The next day was quite short. We didn't get going until 10:00 or so and were finished by 2:00. This is somewhat impressive as the trails were completely slick and every single person - save for the minority guides - fell at some point in various degrees of severity. Even I had a good slip a couple metres from a high path to a low one, though I managed to surf the mud down in a shaky and low centre-of-gravity surf crouch. It was also raining a lot and my poncho, well, they're really only good for one wear and don't travel well, so let's just say that it was difficult to ascertain which holes were for arms, heads, of due to ripping zippers and stretching backpacks. I enjoyed my shower back in the hotel after a nice lunch and, quite frankly, it's the nicest room I've had to myself since leaving home. I suppose the apartments in Manly would beat it, but I was sharing. The hike had been somewhere between 12-16km and while it wasn't much, the clean up was well overdue and appreciated.

Finally, the third day of the trek. It started a bit randomly as there was no guide around in the morning, but soon Doong was leading Laura, myself, and some Chinese tourists down to Cat Cat (or is it Cat Ba?) village, a tourist trap in comparison to our last two days. It was a nice walk though, in weather that made me want to walk all the way to Fanxipan mountain, the tallest in SE Asia. An almost perfect blue sky, bright sun, and an amiable breeze made it a pleasant though warm walk into the valley. Laura and I also had another chance to chat with the girls we'd walked with a couple days ago before leaving and soon we were at a three-waterfall junction at the bottom of the gorge. Then I wandered off at the guide's suggestion that I "go up and take a look" and it just kept getting better and better so I kept going up. Not to mention I wasn't sure if the group would be coming back this way so I didn't want to backtrack down and then back up again. Eventually I came across three boys sitting under a tree beside a mudhole dug into the mountain and filled to the brim with water buffalo. I took some photos and it was here, at a corner in the path, I decided reluctantly to go and see what had become of my group.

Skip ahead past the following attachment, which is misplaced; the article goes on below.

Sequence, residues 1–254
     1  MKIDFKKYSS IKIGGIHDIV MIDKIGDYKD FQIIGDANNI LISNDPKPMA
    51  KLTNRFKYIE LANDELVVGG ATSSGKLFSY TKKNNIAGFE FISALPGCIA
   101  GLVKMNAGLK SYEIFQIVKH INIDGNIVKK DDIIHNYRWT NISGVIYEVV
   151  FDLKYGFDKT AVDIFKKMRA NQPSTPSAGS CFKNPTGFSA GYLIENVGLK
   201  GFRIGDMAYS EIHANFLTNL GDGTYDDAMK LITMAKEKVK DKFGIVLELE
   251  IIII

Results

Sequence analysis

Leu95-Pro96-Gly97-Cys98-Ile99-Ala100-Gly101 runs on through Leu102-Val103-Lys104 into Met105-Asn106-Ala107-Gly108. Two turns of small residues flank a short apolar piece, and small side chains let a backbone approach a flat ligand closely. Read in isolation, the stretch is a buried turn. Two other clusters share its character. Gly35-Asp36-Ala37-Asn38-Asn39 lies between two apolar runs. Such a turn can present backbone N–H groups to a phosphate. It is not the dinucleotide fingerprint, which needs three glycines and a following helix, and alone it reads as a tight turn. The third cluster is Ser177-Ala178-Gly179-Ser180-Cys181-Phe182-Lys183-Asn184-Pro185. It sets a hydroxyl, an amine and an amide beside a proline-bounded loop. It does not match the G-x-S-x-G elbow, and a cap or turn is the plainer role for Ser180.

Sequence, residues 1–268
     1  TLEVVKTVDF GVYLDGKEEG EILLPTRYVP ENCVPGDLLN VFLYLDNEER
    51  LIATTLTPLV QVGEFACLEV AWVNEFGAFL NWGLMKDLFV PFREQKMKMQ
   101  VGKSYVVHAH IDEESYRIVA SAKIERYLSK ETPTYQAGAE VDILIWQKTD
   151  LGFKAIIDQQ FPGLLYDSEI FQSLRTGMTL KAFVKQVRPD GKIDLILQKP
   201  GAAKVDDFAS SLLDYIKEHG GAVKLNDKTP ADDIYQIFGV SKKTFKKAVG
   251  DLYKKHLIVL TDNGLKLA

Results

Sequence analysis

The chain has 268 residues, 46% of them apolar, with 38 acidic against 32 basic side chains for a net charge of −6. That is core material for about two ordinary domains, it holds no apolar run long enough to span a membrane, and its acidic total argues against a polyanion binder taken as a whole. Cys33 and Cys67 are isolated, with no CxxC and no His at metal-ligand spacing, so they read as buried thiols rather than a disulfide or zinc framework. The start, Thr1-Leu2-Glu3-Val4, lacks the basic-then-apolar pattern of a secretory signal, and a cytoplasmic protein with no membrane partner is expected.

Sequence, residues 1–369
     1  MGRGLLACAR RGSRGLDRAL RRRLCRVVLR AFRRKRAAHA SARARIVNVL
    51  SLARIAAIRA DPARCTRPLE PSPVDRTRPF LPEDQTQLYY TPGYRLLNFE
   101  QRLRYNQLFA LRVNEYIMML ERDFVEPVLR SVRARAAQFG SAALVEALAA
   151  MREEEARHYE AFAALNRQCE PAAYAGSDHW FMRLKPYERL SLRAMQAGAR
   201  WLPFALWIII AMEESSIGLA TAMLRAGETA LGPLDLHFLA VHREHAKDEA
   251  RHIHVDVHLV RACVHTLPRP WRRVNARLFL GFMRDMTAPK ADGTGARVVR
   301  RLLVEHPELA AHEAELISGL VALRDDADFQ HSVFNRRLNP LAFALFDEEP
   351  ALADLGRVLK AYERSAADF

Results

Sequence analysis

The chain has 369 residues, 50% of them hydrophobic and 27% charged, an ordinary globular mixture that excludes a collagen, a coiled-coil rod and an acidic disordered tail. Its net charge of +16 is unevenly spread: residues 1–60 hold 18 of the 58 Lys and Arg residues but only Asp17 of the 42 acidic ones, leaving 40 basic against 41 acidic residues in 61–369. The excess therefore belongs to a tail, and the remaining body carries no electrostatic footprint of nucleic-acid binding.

I made it all the way to the waterfall without seeing anyone, which left me with two options. They had either taken my path but turned off on a dirt track I'd noticed running along the rice terraces, or taken another path. I ran into another guide and asked about Doong at which point he let me know that Doong had left a message for me to catch up with them along the dirt path. This may sound worrying, but it was not even lunch, a beautiful day, and I knew exactly where I was and how to get back so it wasn't in the least. I contemplated exploring on my own but then decided I'd better let the group know where I was so I caught up with them just as they were boarding motorcycles to drive back up to Sapa. Doong waited for me and I went back with him, had lunch, and then my Sapa experience was over. I wanted to rent a motorbike and explore until the bus arrived at 5:30 to return to Lao Cai but discovered that I could get an earlier bus and - maybe - make it to the Chinese border with enough time to catch an overnight bus to Kunming. It was 30 days to my flight home on August 5th and I wanted as much time as possible for China, so I chanced the 3:30 bus back, waving bye to Vietnam and some great times in this beautiful country and, I felt, to the end of a saga: my adventures backpacking Southeast Asia. China awaited and it was an adventure all its own. I had no idea just how much of one it would prove to be...

Sapa Photos


Anonymous said...

Hi Dean,

comment from BELGIUM.
I'm allready home for 3 days now. I'll try to read your adventures.

And you just liked the little girls from sapa because they said you were 'bacardi' (or something like that) :-D.

lot's of luck and love on your trip.

Jelene from belgium.

Dean said...

Hey Jelene, hope you enjoyed the rest of your volunteering... Sapa is still a highlight of my trip (largely due to the 'rum' association, hahaha).

Don't worry about being home, I'm heading there myself in 4 days. Four!


Glad to hear you've made it home safely and you survived 'nam. :)


Anonymous said...

I surely enjoyed the rest of my volunteering.
Ooh, so quick you're going home.. but yeah that's life :-).
I'm okay being home because my grandfather died a few days ago.. And moments like this, you need your family the most.
Tomorrow i'm leaving for the netherlands to do my vacation job (with two children with autism).
I hope you get home save and well!
And if you want to visit belgium one day, just let me know! :D!

xx bye bye!